The Chair should also provide guidance on service expectations for junior faculty, and should ensure that junior colleagues are engaged in the department and wider University, but are not over-burdened with assignments. Service for junior faculty should focus on assignments that will contribute to career development, such as a focused committee where a junior faculty may be able to contribute specific expertise, and where the work burden is not excessive. Chairs should be especially careful to avoid major service burdens in the first year, when teaching is likely to place particular demands on newly-arrived faculty.
The Chair should also systematically use appropriate assessment strategies to make sure that the mentoring partnerships are functioning and constructive, and should take steps in cases where they are not.
The mentor’s role will inevitably vary depending on the needs of each individual faculty member, and on the availability of other mentors within the department and wider University.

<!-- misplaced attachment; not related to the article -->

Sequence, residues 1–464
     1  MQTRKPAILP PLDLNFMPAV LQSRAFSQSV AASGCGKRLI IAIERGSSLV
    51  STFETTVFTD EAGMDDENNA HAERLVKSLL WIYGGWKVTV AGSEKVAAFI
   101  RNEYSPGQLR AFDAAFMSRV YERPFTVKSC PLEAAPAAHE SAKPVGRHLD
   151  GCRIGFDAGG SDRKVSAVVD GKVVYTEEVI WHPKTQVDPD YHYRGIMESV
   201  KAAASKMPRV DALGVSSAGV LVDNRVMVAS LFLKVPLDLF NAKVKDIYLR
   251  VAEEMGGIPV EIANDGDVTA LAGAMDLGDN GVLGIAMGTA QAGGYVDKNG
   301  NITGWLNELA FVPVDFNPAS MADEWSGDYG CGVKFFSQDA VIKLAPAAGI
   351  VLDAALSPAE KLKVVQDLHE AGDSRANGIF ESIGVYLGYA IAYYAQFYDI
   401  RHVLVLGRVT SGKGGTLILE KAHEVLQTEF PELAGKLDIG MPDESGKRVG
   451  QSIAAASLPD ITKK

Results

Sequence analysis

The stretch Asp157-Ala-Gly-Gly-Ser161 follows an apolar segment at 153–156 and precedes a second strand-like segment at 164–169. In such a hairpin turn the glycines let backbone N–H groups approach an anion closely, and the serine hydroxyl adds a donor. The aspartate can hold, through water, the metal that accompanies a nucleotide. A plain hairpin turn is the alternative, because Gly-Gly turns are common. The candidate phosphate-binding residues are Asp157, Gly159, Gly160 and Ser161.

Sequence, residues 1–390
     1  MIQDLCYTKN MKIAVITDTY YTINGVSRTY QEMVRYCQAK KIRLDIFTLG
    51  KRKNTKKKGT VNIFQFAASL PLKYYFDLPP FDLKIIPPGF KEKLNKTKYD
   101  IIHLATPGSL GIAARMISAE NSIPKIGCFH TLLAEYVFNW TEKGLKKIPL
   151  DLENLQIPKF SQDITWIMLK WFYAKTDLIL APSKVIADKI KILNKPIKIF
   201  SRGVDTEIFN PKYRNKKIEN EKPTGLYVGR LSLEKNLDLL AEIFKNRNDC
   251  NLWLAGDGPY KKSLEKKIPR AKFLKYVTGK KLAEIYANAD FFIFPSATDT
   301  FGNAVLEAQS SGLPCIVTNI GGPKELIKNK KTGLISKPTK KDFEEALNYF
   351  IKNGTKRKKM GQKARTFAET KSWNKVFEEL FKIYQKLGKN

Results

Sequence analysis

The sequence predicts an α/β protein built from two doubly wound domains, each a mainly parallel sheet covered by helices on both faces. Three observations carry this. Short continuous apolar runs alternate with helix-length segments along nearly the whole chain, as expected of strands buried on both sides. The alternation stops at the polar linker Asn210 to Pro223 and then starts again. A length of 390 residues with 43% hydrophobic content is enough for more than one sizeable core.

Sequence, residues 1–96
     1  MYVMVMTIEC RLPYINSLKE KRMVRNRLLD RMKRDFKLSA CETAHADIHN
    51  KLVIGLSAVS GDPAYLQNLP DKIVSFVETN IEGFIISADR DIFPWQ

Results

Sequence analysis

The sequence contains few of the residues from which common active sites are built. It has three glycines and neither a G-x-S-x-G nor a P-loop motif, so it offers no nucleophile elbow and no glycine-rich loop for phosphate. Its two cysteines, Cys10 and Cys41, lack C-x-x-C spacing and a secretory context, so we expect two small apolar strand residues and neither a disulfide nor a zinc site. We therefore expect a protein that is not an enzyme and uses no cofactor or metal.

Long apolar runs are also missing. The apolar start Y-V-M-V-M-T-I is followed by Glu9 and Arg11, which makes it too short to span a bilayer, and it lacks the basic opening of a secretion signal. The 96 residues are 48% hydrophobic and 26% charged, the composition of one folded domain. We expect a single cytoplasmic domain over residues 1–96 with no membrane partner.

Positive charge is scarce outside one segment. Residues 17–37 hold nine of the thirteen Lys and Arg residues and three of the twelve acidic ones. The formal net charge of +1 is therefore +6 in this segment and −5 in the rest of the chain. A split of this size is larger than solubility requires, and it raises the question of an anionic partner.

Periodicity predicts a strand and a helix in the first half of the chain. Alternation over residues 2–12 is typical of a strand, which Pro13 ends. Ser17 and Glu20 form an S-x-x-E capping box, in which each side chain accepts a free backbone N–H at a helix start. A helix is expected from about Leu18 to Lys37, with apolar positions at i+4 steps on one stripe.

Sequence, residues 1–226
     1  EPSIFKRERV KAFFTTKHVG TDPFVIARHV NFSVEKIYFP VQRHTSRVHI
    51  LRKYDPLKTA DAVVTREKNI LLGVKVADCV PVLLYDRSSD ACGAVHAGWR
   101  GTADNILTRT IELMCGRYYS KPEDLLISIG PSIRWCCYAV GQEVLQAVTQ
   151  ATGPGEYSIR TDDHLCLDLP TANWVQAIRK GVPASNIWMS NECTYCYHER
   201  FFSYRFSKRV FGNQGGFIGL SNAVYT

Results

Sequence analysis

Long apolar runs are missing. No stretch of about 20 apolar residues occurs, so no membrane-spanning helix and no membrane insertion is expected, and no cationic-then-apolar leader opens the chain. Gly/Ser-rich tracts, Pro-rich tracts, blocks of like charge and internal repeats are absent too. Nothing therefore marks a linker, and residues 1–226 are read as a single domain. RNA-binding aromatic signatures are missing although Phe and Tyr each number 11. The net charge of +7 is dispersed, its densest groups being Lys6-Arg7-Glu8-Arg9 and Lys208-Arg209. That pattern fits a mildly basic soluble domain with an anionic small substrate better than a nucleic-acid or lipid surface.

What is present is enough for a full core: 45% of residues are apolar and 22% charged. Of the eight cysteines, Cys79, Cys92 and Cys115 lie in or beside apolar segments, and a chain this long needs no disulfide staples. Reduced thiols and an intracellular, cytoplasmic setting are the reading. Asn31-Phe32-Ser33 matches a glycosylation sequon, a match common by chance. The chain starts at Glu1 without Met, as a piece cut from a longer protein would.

However, it is important that the mentor be pro-active in establishing and maintaining a constructive relationship with the junior faculty member. The mentor should seek a first meeting at the earliest possible time and should initiate a conversation at an early stage to explore an appropriate way to proceed over time. Each mentoring pair will establish its own rhythm and structure, but an early first meeting is highly advisable. Some mentoring pairs prefer to schedule regular periodic meetings while others develop a preference for a more informal arrangement. Mentoring pairs will also differ in the style of meeting they prefer, from formal in-office meetings to sharing a meal or other arrangements. The “right” way to function as a mentoring team is the way that is most helpful to the junior partner and most satisfactory to both. However, mentors must make proper time for the mentoring process, rather than just relying on chance, brief encounters in the corridor or the occasional email. It is also essential that mentors follow up on commitments made: if a junior faculty solicits feedback on a paper or grant proposal, or if a mentor asks to see such materials, the mentor should provide proper, timely feedback rather than simply accepting materials and setting them aside.